What does culture have to do with our ability to inspire donors, attract new people to our organizations and retain and grow great teams?


If any of you attended IFC or Congress this year, you may already know that we were talking about culture – organizational culture. We curated panels, sessions and blogs on the topic and, in case you missed them, we have pulled some of the top takeaways from industry leaders who shared their insights on culture.


Throughout our discussions, we noticed that a large part of the conversation was around the topic of whose responsibility it is to create a thriving, positive culture in an organization.

And yes, it starts at the top.

So much so that research has shown that the fastest way to change a culture is to change the leadership.

But it isn’t always as cut and dried as that. As Caroline Riseboro, President & CEO of Plan International shared:

“Don’t think you have to be CEO to drive culture. You can drive it at any point in your career through your attitude, how you treat others and what you believe. Before great CEOs were ever CEOs, they were middle management, leading teams and achieving great results because they supported a positive culture wherever they were.”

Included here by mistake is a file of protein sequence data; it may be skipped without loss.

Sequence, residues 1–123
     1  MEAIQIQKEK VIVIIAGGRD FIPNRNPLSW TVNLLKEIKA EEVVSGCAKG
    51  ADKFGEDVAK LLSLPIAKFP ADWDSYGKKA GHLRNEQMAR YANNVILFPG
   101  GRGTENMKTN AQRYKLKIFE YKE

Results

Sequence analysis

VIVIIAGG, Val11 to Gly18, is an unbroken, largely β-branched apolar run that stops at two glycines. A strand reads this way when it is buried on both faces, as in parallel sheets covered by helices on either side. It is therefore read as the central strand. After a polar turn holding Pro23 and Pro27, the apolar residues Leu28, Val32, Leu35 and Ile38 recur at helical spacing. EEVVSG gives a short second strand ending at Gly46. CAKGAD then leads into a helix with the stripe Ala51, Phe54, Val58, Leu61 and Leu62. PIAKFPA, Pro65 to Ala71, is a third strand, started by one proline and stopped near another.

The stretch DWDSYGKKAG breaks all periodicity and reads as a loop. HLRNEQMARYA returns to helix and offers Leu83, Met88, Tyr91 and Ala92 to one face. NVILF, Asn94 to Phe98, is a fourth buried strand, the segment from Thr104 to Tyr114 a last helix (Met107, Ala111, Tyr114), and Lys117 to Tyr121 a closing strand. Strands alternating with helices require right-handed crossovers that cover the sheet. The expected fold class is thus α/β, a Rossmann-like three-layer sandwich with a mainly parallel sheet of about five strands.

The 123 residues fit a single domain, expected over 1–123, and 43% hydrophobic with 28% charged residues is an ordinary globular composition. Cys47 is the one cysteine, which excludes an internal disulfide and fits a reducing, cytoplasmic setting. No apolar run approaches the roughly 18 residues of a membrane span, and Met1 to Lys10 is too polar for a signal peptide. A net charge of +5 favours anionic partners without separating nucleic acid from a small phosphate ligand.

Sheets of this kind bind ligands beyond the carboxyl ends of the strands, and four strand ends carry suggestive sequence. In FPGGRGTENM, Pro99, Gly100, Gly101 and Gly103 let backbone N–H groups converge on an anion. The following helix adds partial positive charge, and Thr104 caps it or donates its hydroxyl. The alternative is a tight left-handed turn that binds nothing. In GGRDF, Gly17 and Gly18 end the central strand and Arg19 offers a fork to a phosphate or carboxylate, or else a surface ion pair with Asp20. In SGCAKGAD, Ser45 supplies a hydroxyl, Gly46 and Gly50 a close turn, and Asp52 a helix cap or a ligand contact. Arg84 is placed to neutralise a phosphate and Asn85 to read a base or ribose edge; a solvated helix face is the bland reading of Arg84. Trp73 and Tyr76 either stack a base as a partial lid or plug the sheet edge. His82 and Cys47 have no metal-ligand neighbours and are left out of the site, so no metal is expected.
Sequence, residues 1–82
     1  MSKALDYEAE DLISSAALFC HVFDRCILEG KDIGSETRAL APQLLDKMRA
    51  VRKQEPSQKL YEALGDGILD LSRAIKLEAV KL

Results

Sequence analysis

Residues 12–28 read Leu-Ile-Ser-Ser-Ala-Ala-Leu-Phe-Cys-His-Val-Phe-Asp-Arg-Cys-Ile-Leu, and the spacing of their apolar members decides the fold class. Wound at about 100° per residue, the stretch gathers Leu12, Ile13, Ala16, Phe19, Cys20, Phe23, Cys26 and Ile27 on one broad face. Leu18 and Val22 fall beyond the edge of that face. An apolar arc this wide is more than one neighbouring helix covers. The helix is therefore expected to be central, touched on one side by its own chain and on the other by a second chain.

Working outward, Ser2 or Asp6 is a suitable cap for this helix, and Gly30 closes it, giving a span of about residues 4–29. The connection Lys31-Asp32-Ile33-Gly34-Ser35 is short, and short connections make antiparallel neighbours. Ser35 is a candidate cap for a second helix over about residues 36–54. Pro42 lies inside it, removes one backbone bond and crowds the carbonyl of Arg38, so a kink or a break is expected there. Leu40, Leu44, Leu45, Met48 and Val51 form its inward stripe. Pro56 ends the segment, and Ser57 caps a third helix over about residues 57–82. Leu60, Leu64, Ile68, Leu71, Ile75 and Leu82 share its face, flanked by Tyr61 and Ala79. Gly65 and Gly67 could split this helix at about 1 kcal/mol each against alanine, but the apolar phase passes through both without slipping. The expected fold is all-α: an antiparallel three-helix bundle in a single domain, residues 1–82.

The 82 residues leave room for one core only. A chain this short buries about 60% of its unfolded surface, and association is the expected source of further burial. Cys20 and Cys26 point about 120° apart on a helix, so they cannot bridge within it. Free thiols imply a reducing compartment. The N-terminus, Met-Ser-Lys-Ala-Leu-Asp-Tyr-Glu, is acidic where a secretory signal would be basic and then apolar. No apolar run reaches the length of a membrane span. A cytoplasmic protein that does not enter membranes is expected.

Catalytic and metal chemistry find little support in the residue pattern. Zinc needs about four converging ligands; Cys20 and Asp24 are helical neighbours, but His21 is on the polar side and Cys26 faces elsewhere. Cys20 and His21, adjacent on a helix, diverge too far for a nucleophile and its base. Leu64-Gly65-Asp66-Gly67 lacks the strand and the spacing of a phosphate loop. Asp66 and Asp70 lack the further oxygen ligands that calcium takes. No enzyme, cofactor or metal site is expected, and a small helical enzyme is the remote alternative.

This is key. You need to lead from where you stand, and don’t think that because you aren’t in a “leadership” position you can’t make a difference – because you can!


A simple idea that we were taught when we were kids has never been more true. Tammy Zonker, Chief Philanthropy Officer of The Children’s Center put it perfectly:

“The behaviours we demonstrate daily impact culture far more loudly than what we say about culture.”

And Cathy Barrick, CEO of Alzheimer Society Ontario echoed Tammy’s statement. She believes you need to make a lot of noise and make a real effort:

“Make lots of noise! Be out of your office talking to people, laughing and having fun – when the team sees you out and about, they are more comfortable approaching you!”


Culture has a direct impact on outcomes. Yes – actual fundraising results!

Our own Kimberley Blease believes (and all of us at Blakely believe) that a great culture attracts great people. And who doesn’t want that?

“A great culture motivates team members and that, in turn, attracts donors. Culture can truly make or break you. Bad culture doesn’t take risks because it’s too busy blaming — whereas, good culture embraces failure and nurtures innovation — without fear. Bad culture is too busy at the water cooler proving they are busy. Good culture gets on with it.”

We encourage you to take a hard look at your own organizational culture – and evaluate if there are certain things you can positively influence in your day to day. Trust us – it will make a world of a difference in your organization!

If you want to hear more on organizational culture, be sure to listen to Stephen George on the Good Leaders Podcast, launching the first Culture Club conversation on the power of culture!